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Should I bother with breakfast?

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Why does breakfast cause such debate, with many people missing the meal and how important is breakfast, which is supposed to do what its name implies i.e. break the fast?

You may have heard of the advice to “breakfast like a king, lunch like a prince, and dinner like a pauper.” This was coined by popular nutrition author Adelle Davis back in the 1950s. Her advice back then did seem to stick. But changes in the stresses of everyday life, what is popular breakfast foods are available and the times that people have available to eat it have changed dramatically since then. So perhaps it’s a good time to question whether breakfast should be a meal for a king or should it just be skipped altogether?

“The most important meal of the day” isn’t a title anyone should give to any meal whether it’s breakfast, lunch or dinner. However, depending on what you actually eat, breakfast could set you up for the rest of the day.

Does skipping breakfast make you eat more?

Research shows that skipping breakfast causes the brain to become much more responsive to highly palatable foods (those generally with more fat, salt and sugar) and that people often eat more at lunchtime if they skip breakfast.

However, studies that followed people in their normal routines showed that the overall energy intake throughout the day was in fact lower when people skipped breakfast than if they’d eaten it. So, despite greater hunger during the morning and some compensation at lunch, the effect of skipping breakfast doesn’t seem to make people overshoot the calorie deficit. However this doesn’t mean it is an effective way of losing weight!

Does breakfast “kick start” your metabolism?

Eating sets in motion the processes associated with digesting and storing food, which results in increased energy expenditure. This increase in energy expenditure is greater in the morning than the evening.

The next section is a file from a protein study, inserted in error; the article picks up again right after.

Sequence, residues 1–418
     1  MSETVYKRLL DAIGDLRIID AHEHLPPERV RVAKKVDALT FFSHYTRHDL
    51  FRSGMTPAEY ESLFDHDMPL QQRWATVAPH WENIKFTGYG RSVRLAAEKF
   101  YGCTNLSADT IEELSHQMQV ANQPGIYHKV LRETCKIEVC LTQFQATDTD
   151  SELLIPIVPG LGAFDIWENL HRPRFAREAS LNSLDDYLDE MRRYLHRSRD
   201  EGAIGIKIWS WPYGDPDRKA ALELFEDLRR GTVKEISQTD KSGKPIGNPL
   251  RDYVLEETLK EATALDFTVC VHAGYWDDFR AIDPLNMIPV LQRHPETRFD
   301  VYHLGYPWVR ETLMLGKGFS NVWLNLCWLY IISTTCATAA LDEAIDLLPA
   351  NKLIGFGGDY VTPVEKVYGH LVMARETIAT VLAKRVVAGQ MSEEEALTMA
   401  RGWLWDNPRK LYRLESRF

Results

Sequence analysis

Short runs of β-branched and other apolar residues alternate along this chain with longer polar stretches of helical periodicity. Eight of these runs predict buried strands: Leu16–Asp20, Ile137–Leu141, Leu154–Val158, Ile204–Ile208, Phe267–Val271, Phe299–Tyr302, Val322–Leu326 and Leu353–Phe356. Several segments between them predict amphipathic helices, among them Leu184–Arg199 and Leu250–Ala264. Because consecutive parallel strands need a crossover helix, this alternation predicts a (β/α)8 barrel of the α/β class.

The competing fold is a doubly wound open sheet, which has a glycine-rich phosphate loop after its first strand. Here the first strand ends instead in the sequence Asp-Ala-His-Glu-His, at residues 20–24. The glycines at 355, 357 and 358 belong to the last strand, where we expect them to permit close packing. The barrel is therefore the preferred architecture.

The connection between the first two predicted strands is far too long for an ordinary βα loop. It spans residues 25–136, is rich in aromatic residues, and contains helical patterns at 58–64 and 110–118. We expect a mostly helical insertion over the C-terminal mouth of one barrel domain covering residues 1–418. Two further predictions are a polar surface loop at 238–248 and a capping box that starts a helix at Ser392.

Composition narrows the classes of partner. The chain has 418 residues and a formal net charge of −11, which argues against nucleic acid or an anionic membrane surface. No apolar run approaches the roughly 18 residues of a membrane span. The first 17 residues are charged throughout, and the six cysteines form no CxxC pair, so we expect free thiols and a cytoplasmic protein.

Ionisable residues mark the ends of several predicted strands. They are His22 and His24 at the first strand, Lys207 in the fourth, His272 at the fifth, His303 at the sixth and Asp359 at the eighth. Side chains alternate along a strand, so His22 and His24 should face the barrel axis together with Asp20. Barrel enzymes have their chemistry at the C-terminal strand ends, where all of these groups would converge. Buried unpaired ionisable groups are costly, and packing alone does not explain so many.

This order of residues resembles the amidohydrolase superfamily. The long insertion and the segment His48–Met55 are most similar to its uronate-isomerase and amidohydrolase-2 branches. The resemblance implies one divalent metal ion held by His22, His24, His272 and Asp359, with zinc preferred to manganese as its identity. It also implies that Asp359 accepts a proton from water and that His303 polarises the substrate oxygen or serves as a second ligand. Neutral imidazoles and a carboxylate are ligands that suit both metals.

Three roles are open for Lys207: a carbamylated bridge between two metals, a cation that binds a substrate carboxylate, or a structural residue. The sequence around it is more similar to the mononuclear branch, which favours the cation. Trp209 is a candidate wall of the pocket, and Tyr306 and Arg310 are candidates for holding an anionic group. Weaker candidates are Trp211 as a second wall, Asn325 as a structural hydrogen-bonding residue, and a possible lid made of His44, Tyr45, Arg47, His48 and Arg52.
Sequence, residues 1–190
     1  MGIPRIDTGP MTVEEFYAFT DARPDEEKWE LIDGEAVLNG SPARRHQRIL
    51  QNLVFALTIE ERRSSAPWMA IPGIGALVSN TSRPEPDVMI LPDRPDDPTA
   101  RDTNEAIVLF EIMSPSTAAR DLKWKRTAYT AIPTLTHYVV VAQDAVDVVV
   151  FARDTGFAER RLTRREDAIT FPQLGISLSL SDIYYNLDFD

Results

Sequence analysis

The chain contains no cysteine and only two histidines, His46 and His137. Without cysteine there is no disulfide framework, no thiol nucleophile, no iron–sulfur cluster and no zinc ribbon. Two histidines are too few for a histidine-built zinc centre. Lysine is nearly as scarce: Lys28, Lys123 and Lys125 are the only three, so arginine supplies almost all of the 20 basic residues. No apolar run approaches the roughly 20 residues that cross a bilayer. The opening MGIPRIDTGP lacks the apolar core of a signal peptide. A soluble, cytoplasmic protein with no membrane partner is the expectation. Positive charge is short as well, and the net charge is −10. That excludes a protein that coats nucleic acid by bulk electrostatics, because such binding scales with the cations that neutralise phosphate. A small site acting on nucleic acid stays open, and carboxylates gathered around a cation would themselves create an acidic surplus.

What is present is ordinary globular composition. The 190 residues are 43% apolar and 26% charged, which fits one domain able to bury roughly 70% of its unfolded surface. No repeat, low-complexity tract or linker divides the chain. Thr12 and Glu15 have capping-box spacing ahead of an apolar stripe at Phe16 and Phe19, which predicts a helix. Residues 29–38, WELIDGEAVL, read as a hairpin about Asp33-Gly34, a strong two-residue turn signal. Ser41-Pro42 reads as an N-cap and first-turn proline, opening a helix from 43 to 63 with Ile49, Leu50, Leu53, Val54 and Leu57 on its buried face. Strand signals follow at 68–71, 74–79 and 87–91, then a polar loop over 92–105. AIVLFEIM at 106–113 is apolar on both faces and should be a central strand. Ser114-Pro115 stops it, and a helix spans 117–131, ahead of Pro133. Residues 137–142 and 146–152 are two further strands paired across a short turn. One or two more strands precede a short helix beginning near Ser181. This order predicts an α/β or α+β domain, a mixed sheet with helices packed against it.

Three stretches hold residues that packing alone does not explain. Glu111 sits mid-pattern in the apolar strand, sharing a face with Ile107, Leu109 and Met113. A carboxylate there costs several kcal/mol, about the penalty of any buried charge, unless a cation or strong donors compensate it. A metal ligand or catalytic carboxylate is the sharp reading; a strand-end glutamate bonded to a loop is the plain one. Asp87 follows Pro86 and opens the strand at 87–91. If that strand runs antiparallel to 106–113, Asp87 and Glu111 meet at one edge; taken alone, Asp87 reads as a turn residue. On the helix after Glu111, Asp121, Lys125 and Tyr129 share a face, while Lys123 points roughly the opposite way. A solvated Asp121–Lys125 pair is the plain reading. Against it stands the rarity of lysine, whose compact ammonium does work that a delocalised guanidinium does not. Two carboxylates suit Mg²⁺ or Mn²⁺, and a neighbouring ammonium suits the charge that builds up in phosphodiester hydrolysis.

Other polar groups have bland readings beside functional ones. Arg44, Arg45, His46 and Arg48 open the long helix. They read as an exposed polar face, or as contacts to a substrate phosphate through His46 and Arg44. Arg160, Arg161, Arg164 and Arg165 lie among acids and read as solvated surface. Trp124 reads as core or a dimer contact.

Recent evidence has found that people who eat breakfast used more energy through physical activity (especially in the morning) than those who skipped it. It suggests that skipping breakfast makes you feel less energetic, which causes you to reduce your physical activity levels.

Does skipping breakfast make you gain weight?

Skipping breakfast is linked with greater weight over time. But this doesn’t simply mean that skipping breakfast causes weight gain.

There have been several trials but none have found evidence to suggest skipping breakfast causes weight gain. Neither is there evidence to say it helps weight reduction!

This correlation could be circumstantial, for example eating breakfast is a marker of a generally healthy lifestyle.

Not just weight

Breakfast can mean many different things to different people and cultures, involving anything from sugary cereals to fry ups. What you actually eat at breakfast is obviously very important. For example a bowl of sugary cereal may only keep you going for a short period of time before you get a sugar dip and hunger sets in, whereas a fibre-rich cereal such as oats with added nuts and seeds will keep you going much longer without energy dips.

Eating breakfast is particularly important for people with type 2 diabetes, as it helps the body regulate blood glucose concentrations.

Should you eat breakfast?

Studies have also shown that people who eat a complete, balanced and healthy breakfast each day have greater control over their daily calorie intake. This gets their day off to a great start, preparing them both physically and mentally for the activities ahead.

A survey by the mental health charity MIND found that 55% of people using dietary self-help said ‘eating breakfast’ was beneficial to their mental and emotional health.

So it isn’t just about eating breakfast, it is about eating the right breakfast for you to help you through your day.

To find out more about what nutrition YOUR body needs and the right way forward for you, visit Marko at one of his nutrition workshops. Call Marko on 01507 613 443 or email

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